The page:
Until the new version of the custom viewer is approved and available, don’t create or edit any folios for that app. Otherwise, when your customers try to view a newer folio in an older viewer, they’ll be prompted to update their app. Although viewers are backward-compatible with previously created folios, folios usually cannot be viewed in earlier viewers. That’s new wine in old bottles. (Or is it old wine in new bottles?)

Where do I get the installers?

You can download these tools from the Adobe Downloads page, the DPS Dashboard, or the Installing digital publishing tools help topic.

How do I know which installers I used?

Here’s how to tell which tools are installed and which tools were used to create a folio.

To see which tools are installed, open the Folio Builder panel and choose “About” from the panel menu. Look at the last numbers. For example, means you’re using the v17 tools.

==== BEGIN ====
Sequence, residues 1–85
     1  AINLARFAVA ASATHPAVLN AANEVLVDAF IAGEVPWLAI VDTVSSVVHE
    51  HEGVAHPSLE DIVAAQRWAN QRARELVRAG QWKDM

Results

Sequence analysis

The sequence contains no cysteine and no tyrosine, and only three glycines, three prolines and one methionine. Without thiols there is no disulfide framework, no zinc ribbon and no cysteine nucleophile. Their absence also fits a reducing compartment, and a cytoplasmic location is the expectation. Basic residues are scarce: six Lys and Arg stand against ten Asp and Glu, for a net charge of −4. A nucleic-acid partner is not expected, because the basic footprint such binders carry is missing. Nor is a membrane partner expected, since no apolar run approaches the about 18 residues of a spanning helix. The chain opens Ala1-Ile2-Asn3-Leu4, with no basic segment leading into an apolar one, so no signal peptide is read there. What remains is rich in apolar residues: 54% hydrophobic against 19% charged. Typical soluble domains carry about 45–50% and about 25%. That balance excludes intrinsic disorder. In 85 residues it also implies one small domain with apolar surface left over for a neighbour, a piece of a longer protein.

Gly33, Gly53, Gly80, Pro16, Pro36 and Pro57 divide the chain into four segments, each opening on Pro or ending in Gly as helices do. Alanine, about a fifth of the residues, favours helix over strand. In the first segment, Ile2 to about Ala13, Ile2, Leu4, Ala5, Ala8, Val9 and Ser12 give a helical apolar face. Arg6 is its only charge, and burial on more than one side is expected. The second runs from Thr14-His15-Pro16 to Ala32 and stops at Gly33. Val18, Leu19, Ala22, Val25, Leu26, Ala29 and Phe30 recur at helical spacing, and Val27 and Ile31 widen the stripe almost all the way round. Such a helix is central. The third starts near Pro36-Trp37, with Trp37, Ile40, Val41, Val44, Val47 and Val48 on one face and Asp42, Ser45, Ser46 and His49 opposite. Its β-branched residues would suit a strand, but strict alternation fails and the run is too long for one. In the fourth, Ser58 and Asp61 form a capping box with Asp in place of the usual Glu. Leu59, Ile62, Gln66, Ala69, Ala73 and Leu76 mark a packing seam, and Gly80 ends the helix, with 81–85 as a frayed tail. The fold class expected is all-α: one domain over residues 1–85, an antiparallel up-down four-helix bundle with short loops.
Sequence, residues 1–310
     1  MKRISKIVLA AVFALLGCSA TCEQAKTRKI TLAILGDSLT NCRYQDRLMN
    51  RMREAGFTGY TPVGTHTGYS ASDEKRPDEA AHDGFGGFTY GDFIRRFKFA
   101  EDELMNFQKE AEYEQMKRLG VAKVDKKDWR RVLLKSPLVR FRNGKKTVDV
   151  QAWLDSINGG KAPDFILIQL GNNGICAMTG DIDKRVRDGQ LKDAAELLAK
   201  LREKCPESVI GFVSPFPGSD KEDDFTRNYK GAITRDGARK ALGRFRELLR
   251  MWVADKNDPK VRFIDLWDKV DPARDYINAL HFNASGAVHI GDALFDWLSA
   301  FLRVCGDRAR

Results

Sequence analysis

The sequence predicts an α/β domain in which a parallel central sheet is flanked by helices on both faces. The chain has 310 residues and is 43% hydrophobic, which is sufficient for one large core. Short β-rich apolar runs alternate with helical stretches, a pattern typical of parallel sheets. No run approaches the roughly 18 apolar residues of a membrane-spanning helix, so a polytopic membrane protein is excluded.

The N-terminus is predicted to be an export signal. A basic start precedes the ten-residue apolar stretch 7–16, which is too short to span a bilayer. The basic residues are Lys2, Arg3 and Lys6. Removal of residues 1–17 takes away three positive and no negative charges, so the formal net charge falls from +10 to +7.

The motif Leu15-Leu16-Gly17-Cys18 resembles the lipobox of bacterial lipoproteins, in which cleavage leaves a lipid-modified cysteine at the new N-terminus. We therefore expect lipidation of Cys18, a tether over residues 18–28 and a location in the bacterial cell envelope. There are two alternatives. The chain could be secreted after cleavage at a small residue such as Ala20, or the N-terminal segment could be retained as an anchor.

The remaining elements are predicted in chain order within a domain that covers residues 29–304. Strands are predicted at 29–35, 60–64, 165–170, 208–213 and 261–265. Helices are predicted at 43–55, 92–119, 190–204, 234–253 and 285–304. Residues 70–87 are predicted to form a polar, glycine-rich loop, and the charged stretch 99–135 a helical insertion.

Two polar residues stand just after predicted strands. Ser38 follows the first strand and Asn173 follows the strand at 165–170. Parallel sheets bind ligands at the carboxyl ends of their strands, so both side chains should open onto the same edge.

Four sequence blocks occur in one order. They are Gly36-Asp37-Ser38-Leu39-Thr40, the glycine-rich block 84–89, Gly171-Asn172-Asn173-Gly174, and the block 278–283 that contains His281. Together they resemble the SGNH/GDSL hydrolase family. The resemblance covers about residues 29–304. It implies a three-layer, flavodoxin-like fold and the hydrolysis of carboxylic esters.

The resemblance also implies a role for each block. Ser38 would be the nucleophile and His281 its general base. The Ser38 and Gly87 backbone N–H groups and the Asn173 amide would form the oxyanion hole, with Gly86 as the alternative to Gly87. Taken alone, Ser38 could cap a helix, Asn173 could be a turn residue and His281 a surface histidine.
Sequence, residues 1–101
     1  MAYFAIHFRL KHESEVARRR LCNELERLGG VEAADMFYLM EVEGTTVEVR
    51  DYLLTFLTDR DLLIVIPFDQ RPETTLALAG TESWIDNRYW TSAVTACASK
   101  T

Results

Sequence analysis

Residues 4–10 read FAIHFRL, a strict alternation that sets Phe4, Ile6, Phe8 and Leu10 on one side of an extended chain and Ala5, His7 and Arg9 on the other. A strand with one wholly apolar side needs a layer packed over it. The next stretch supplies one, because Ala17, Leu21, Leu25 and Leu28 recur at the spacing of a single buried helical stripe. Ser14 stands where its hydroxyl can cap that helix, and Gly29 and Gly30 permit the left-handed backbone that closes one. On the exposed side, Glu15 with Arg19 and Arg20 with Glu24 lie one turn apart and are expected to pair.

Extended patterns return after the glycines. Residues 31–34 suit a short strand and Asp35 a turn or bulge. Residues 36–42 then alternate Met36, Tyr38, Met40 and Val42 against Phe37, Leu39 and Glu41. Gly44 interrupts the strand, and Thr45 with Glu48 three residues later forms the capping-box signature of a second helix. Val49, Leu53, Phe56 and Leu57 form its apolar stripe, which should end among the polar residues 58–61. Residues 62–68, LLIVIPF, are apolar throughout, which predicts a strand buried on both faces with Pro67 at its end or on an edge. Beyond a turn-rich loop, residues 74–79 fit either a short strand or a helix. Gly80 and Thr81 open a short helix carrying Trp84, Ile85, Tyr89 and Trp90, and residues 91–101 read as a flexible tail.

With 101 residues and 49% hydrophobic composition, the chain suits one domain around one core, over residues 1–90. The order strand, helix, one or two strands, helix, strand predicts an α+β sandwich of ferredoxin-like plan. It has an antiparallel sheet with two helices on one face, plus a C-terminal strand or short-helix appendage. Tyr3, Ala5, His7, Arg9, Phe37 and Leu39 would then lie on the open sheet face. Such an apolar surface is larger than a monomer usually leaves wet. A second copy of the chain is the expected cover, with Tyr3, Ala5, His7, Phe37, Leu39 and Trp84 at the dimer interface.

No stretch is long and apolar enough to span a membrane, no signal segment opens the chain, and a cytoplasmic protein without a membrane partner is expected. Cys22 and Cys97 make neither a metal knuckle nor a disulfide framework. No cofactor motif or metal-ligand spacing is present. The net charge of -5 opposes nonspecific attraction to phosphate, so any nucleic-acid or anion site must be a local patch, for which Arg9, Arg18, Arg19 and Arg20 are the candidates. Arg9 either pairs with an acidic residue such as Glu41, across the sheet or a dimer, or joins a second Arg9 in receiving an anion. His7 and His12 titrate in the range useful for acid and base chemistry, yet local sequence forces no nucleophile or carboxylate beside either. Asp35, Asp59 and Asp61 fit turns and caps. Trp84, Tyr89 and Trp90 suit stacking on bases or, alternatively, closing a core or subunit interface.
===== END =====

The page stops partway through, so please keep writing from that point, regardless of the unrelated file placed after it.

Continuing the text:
To see which viewer version you’re using, open the folio in the viewer and tap the title. The first two numbers indicate the viewer version. For example, refers to the 2.2 version of the viewer.

Unfortunately, the viewer version doesn’t match the Folio Producer tools. Here’s how they match up:

v12 (tools) = 1.7 (viewer)
v13 = 1.8
v14 = 1.9
v15 = 1.9  (no change)
v16 = 1.9  (not available for iPad)
v17 = 1.10
v18 = 1.11
v19 = 1.12
v20 = 2.0
v21 = 2.1
v22 = 2.2
v23 = 2.3
v24 = 2.3 (no change)
v25 = 2.4

Starting with v21, it’s possible to specify the viewer version when creating the folio. This feature works only for v20 or later.

For additional details, see the “Please update your app” tech note.

Updating the DPS tools in InDesign CS6